So I am left with mixed feelings… good, sad, heartbreaking, frustrating, eye opening. There is so much need for better medical care, but there is not a mechanism right now.  Basically they need to go to the government hospital for care (“it’s not that far” I was told), which would be difficult. Half of the people we saw were over 65 and they walked to the clinic in the rain.  I am told that the rain kept most people away, including the sickest patients.  That makes me sad, as the people that could have used our help the most did not come.

So at the end, I am overjoyed at having been able to participate in the medical camp and thank God that we were able to help so many people (ed. note – the camp saw 175 people). Yet I am left with knowing that so much more is necessary… both physically and spiritually.

Last night we went to Rajahmundry.  It is such a stark contrast to Dowlaiswaram, the “suburb” where CEM is. It reminds me of driving from Detroit to Grosse Pointe along Jefferson Avenue, multiplied times 1000. It is not touristy – basically the shopping area for everyone in the local area, like a gigantic outside mall.  There are too many shops to count.  It amazes me that so many storefronts can be sustained.  For example, down one alley, there were over twenty shops that sold men’s shirts.  The number of people going down through the street was mind-boggling.  And it was more complex, as people were everywhere with their motorcycles.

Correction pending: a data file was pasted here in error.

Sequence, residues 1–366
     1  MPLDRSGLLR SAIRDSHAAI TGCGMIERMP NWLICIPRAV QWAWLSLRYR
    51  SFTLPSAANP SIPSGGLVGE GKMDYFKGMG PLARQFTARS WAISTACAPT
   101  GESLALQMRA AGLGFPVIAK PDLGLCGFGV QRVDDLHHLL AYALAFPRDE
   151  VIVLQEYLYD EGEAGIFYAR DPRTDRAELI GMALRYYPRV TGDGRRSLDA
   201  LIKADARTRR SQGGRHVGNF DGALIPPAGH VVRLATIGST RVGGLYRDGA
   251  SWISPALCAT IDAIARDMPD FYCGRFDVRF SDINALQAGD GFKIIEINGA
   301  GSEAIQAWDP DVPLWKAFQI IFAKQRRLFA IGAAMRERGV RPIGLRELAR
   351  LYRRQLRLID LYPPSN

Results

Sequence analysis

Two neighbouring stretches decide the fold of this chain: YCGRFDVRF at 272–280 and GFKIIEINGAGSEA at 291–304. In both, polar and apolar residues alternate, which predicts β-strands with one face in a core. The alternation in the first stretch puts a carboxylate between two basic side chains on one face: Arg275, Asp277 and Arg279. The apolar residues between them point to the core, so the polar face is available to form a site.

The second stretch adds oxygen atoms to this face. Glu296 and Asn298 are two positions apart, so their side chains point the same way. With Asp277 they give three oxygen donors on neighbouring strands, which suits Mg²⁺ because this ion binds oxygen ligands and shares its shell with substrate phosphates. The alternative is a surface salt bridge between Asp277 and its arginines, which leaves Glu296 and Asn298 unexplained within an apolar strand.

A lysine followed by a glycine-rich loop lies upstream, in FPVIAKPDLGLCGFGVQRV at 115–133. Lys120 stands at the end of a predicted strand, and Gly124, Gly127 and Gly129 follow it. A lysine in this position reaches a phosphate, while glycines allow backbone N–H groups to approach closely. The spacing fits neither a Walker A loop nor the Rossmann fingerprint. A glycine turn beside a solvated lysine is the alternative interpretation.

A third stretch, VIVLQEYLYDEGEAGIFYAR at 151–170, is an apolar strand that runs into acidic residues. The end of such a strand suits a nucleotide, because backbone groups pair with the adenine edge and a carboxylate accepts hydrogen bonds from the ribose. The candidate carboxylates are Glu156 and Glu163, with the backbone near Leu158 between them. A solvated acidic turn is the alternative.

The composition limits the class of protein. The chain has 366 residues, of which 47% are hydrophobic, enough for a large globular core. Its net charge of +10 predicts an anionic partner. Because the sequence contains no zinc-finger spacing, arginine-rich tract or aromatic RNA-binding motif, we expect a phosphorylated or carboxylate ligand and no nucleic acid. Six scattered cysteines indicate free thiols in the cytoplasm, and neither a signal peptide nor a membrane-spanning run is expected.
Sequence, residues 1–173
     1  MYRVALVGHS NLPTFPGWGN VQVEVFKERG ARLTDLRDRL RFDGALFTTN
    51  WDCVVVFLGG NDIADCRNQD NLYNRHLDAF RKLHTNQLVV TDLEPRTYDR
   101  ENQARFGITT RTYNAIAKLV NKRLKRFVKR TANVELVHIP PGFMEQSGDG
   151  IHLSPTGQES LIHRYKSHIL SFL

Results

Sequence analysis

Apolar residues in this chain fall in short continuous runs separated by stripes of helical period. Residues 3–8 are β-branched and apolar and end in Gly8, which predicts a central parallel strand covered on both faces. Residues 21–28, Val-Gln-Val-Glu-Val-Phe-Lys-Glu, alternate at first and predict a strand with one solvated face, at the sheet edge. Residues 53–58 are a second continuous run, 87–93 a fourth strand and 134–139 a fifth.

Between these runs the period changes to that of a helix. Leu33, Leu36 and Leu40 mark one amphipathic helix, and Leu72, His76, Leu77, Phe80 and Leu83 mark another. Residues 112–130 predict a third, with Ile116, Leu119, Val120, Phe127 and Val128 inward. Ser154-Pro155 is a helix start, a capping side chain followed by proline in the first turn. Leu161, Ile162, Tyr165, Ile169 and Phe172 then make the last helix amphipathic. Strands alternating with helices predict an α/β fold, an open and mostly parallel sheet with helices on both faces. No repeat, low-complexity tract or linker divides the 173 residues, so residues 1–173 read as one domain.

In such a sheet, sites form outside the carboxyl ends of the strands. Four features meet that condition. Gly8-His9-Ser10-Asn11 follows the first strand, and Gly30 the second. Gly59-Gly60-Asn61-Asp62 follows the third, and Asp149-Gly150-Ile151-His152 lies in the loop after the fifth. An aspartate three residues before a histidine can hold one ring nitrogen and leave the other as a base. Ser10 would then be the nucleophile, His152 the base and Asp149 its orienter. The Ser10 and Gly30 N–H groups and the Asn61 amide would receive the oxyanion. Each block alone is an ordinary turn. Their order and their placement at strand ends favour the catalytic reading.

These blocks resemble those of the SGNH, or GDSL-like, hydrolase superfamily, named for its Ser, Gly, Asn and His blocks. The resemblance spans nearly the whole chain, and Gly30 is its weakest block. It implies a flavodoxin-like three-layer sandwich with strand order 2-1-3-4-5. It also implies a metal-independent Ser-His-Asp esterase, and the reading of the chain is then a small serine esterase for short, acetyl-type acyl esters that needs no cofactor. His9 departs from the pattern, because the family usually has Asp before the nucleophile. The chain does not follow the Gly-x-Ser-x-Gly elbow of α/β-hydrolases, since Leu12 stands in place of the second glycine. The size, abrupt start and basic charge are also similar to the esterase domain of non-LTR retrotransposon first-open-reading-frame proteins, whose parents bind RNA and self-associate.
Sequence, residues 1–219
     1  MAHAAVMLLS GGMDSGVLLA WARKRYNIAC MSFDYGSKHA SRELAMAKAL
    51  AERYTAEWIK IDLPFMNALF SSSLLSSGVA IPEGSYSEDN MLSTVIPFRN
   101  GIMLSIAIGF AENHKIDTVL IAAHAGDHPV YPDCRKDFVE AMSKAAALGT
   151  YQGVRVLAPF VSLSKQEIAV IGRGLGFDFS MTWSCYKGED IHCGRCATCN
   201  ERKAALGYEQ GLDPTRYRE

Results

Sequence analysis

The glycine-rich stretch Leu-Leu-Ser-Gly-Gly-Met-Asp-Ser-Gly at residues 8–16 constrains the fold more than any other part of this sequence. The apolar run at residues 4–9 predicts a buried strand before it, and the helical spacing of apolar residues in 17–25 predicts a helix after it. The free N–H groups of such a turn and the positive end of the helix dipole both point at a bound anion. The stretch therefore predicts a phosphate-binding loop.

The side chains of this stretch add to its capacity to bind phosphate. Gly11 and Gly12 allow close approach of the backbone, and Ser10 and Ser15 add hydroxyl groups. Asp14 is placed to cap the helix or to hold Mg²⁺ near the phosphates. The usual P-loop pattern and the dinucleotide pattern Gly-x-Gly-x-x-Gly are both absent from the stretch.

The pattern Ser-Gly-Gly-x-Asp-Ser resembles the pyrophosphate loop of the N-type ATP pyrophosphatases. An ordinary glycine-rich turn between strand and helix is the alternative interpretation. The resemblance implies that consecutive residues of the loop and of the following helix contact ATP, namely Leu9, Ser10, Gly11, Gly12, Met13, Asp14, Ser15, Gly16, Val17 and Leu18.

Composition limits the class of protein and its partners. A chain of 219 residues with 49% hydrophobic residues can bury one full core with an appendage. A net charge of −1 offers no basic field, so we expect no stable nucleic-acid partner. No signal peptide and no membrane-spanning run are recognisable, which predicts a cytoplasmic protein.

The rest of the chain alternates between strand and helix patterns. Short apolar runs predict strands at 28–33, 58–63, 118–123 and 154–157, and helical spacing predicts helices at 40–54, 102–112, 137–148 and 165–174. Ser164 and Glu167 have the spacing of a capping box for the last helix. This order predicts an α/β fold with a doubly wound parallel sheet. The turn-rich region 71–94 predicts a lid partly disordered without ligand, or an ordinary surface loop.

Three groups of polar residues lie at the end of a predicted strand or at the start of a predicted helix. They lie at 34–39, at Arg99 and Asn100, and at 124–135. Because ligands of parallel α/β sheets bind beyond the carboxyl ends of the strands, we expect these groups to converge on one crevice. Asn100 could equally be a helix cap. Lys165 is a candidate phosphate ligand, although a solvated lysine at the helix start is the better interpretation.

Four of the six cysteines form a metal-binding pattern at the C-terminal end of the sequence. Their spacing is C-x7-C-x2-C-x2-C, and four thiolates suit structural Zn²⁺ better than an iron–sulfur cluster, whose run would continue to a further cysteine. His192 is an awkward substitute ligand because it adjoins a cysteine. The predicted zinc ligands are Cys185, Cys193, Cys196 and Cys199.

Our journey home starts tomorrow.  And while I will miss this place, I am ready to go home.  I guess I am spoiled by the West, with power that stays on and climate control.  But mostly I miss the ones I love.  I cannot wait to see them, hold them, and talk to them.  This place gave me more in this short week than I could ever hope to give back.

The two things I will miss the most are the Agape home and chapel.  The people at the Agape home are so thankful that they can stay here.  They were literally starving on the streets before they were brought here.  Chapel brings new meaning to worship. There is such passion and enthusiasm that it puts our worship to shame.

So have a great day.  We will see you soon.   God bless.

Kevin

Veteran at Sixteen